Amazon has some specific image guidelines you must adhere to in order to avoid a suppressed listing. If your listing becomes suppressed it will ruin any chance of sales of that particular SKU for the foreseeable future.
In addition, Amazon claims that images larger than 1000 x 1000 increase sales due to it being the minimum size necessary in order to utilize the zoom feature.
How does your price compare to other products within the same category? If you are selling bug spray for $20 and everyone else is selling it for $5, your conversion rate (and sales) will be low, so a low conversion rate will lead to Amazon ranking the product lower.
With the title, it’s all about keywords! However, be careful not to practice “keyword stuffing,” as Amazon strongly discourages it. If your title comes off spam-like you can count on less clicks from customers which Amazon will ultimately penalize you for in the rankings.
You should incorporate some of these keywords into your title:
Bullet points are just as important for search rankings as the descriptions. These sections give you a chance to add more keywords to further improve rankings.
Avoid restating the same phrases in these two sections of your listing. This is not only a great opportunity to improve SEO, but also your chance to market to your customers and let them know why they should buy your product.
You’d be surprised how often customers search for products by brand, so be sure to include this when you list products.
In addition, brands are listed on the product page and will always link to all products listed under that brand, which is another way customers can be led to your product.
One thing that we’ve found through talking to Amazon sellers is that these fields are often filled out incorrectly. To ensure you are optimizing the use of these fields, try reading the Search and Browse help page within your Seller Central account.
With each listing you are given five fields that limit 50 characters each. It’s not necessary to repeat any words throughout these fields.
In addition, punctuation like commas or quotations marks will unnecessarily limit your keyword and your character usage limit. Also, there is no need to include any common misspellings of keywords.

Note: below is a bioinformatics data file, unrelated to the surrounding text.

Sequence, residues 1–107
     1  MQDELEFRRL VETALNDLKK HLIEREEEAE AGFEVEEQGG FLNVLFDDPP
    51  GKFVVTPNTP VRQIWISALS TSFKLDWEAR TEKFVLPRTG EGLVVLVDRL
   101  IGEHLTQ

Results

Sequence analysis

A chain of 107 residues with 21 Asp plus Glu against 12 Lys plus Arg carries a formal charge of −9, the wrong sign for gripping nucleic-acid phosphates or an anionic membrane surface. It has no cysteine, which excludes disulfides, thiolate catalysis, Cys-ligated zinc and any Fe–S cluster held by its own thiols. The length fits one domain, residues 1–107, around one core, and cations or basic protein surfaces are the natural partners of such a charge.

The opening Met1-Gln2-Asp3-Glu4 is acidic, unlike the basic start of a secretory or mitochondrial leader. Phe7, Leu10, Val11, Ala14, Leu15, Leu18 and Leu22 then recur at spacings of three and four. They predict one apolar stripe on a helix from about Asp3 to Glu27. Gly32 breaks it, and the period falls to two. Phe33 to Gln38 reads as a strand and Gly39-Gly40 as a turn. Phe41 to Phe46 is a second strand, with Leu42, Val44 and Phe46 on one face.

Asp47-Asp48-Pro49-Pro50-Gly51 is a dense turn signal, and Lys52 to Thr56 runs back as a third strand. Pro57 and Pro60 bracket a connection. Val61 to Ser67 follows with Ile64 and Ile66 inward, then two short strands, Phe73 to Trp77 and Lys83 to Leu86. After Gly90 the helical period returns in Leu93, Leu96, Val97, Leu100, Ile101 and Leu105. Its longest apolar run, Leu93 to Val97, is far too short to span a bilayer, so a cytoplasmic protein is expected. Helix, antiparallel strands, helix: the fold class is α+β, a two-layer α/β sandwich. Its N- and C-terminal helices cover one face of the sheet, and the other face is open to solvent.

However, it is a good idea to include synonyms or spelling variations (“bugspray” versus “bug spray”).
Let’s say you are selling makeup. Your brand name is Flawless Face, and you are looking to optimize your search results for your liquid foundation in the color mocha.
Here are some examples of search term combinations you can use to optimize the use of these fields:
Now that you are aware of all of the different factors that can improve your search ranking it’s imperative that you track all of your results. In order to accurately track any changes that you make, try making your adjustments one at a time so you can pinpoint which factors are helping optimize your search rankings.
You can start by creating an Excel spreadsheet of all ASINs you would like to track. In your spreadsheet, make sure to include the ASIN, list of keywords, rank, and date. Make sure to make note of changes you’ve made in your spreadsheet. After a while you should see some positive changes in your rankings.
As you can see, there are many different factors that can play into search rankings on Amazon. However, even if your listings are the most optimized listings for search ever created, you won’t be able to maintain a high level of sales without remembering the basics.
In order to be a successful seller you must maintain flawless seller metrics, gain control of the Buy Box whenever feasible, ensure that you never lose out on sales by running out of stock, and keep a close eye on any stale inventory you may have in Amazon’s warehouses.